Russia’s missions to Moon and Mars could see it lead space race
RUSSIA has announced an ambitious space programme which could see the nation dominating modern space exploration - and salvage its reputation after a slew of failed space missions in 2012.
Roscosmos, the Russian Space Agency, has announced plans to launch an unmanned spacecraft to the moon in 2015. This will be Russia’s first unmanned lunar mission since the Soviet era.
Other plans include landing men on the moon, building a lunar base – invaluable as a scientific research base for future deep-space projects - and missions to Venus and Mars.
At the end of 2012 the head of Roscosmos, Vladimir Popovkin, announced that US$70 billion (2.1 trillion rubles) would be spent on its space budget before 2020.
The investment will ensure continued participation in projects such as the International Space Station, as well as the exploration programmes to the Moon, Mars and beyond.
The former Soviet Union was a key player in the Cold War space race following its launch of the first satellite, Sputnik 1, in 1957, which triggered the race to land a man on the Moon.
The Soviet Union claimed numerous firsts, including the launch of the first human into orbit - cosmonaut Yuri Gagarin, in April 1961. In later years, the Soviet Union claimed the first women in space and the first spacewalk.
While Russia has remained a space superpower to the present day, a diminished budget, insufficient testing and an ageing work force have been blamed for a string of launch failures over the last 18 months. Among them was the first mission to bring back samples from Mars’s moon Phobos.
The workhorse Proton rocket had three failures in 16 months. The most recent failure of the rocket was in December 2012 when it placed a telecommunications satellite into the wrong orbit.
Russia played a leading role in lunar exploration in the 1960s and 70s.
New plans to revive lunar exploration will focus on missions to return lunar samples and a long-term goal of building a lunar base. The space agency plans to make its first return to the Moon in 2015 with Luna Glob, the first of four planned missions that will deploy a combination of orbiters, landers and rovers between 2015 and 2022.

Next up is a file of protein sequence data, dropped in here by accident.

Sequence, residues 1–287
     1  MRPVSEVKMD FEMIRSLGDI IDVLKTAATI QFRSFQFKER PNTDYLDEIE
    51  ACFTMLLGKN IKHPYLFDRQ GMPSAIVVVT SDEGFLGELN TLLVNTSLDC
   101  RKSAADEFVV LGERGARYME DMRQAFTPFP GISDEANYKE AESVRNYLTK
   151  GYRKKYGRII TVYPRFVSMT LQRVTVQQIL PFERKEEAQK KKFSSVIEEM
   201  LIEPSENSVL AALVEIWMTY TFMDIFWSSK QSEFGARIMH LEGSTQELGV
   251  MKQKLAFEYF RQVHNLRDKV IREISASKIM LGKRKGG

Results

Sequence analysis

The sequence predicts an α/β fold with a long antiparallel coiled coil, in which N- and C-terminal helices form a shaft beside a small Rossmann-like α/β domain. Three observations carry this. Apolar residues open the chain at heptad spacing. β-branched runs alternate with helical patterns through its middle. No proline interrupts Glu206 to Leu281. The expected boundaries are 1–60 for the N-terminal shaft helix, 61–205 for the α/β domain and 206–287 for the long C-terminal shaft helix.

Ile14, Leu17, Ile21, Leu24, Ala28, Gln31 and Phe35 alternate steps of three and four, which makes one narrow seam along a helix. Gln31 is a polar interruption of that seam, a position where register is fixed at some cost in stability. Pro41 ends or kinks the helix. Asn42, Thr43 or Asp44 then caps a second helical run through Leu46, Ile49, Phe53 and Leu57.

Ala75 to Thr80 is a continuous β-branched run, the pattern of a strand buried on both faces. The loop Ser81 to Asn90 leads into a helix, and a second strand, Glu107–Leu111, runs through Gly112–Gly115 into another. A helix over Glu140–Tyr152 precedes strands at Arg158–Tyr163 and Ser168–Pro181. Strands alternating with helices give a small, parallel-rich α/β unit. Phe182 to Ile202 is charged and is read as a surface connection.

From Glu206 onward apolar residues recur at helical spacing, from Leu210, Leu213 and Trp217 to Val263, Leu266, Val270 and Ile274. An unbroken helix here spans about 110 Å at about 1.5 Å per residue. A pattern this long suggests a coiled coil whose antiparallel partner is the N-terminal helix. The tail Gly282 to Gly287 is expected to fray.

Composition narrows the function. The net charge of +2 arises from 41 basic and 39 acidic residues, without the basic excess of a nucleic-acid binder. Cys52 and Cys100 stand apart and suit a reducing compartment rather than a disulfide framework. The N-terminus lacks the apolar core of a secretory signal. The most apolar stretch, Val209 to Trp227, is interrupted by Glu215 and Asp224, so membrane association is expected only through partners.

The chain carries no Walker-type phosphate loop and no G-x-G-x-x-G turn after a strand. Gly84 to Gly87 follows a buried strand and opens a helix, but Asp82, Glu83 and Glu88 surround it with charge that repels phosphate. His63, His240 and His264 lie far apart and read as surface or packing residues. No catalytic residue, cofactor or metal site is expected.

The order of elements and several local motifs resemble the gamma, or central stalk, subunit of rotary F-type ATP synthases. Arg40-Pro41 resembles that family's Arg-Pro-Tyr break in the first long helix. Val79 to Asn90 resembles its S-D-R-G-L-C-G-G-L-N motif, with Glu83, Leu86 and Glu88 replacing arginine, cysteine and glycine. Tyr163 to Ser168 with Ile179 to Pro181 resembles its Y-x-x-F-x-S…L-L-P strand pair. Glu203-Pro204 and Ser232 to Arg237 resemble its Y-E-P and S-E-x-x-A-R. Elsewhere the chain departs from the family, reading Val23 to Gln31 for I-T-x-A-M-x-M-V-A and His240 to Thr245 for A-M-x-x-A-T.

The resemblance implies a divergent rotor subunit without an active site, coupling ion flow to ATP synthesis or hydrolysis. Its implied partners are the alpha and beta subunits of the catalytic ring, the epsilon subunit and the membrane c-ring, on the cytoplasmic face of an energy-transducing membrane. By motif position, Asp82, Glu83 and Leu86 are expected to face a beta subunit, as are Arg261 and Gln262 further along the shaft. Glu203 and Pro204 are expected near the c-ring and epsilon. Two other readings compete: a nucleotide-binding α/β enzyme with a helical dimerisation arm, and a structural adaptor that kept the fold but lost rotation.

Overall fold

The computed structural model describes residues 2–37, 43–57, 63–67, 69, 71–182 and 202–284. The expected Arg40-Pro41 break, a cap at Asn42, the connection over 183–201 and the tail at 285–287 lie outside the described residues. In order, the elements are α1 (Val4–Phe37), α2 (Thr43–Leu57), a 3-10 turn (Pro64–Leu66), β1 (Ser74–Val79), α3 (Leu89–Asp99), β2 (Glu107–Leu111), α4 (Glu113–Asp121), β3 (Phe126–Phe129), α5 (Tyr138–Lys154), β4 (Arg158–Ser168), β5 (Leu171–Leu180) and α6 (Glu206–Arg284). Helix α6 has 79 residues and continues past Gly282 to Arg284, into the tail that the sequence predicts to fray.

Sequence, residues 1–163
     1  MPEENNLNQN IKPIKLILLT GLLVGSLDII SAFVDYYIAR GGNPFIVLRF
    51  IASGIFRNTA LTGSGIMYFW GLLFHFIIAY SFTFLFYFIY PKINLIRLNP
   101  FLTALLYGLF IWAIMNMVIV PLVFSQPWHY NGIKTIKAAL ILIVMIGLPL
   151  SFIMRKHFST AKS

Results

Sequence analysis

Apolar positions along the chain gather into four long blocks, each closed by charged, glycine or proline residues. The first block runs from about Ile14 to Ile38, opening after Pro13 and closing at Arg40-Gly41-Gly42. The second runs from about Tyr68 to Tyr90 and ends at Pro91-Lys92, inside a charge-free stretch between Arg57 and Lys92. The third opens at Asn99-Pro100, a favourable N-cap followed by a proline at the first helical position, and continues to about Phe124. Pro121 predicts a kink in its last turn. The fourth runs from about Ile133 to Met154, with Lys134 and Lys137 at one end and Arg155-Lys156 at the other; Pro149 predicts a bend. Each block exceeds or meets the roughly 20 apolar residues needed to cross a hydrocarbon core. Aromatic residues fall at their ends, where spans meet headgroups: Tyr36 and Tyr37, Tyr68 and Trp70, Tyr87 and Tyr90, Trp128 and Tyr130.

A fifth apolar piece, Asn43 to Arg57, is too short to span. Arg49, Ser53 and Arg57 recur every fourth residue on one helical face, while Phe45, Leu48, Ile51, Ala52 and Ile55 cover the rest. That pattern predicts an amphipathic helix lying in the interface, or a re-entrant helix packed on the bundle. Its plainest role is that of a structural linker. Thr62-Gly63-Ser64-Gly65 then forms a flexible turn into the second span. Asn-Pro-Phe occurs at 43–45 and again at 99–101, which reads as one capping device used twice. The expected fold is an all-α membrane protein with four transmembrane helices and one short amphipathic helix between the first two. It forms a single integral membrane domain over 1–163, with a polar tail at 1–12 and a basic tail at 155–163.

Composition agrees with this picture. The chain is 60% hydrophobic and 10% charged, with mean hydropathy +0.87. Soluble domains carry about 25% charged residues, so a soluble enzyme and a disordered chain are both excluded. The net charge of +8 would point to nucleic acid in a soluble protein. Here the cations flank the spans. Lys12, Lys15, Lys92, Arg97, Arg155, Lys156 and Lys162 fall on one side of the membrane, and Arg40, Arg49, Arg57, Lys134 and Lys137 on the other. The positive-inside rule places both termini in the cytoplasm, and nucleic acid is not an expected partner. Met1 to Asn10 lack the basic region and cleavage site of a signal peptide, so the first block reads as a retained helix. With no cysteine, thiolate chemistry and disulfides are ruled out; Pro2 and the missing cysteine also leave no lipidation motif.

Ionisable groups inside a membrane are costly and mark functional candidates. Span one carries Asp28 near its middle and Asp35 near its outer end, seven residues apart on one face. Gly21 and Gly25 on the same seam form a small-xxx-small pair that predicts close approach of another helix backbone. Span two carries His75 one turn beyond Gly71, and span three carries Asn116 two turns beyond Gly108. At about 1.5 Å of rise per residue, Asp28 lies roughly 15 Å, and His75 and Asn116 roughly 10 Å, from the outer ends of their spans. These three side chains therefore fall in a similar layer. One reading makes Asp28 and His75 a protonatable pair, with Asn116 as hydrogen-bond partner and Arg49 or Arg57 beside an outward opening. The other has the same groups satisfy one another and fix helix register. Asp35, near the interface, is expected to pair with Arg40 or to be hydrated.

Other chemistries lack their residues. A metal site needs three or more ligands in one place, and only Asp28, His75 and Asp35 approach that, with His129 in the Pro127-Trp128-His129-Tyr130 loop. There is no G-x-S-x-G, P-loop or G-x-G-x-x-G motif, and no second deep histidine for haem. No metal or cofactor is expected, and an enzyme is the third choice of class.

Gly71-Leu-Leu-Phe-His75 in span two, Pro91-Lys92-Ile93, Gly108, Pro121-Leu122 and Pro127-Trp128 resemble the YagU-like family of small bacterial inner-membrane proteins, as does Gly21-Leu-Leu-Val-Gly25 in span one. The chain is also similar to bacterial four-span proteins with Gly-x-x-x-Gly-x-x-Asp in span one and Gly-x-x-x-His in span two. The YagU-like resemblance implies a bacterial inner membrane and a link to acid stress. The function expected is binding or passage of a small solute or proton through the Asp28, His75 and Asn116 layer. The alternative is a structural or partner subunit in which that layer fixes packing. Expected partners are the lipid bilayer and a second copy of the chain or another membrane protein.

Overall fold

A robotic lunar base is envisaged in the 2020s. A return to Venus is also planned.
Russia has expressed interest in joining Europe in going to Mars as part of the ExoMars project planned for 2016 and 2018.
Russia also plans to launch new astrophysical telescopes over the next decade in a bid to reclaim the nation’s stake in this aspect of scientific research and
provide new details of astrophysical objects such as black holes, the products of dead stars whose gravitational fields are so strong that not even light can escape.
The RadioAstron programme will rely on international cooperation and hopes to provide answers to some of the Universe’s biggest unsolved mysteries in the field of cosmology and astrophysics.
Another development comes from the Russian space rocket company, Energia, which has completed the technical design of a new spacecraft that could transport humans to the Moon and the International Space Station. Flight tests are reportedly scheduled to begin in 2017.
Much attention on the nation’s space activities fell on the launch failures during the first years of the new decade. But these failures coincided with a hectic launch rate.
In 2012 Russia’s launches well exceeded that of the two other leading space faring nations, the US and China, with 27 successful launches versus China’s 19 and the US’s 13.
Although the budget and goals for the next seven years are laid out, experts still fear that delays may occur because of funding constraints for such an ambitious programme.
But international collaboration can be expected to play a key role in meeting such impressive exploration goals.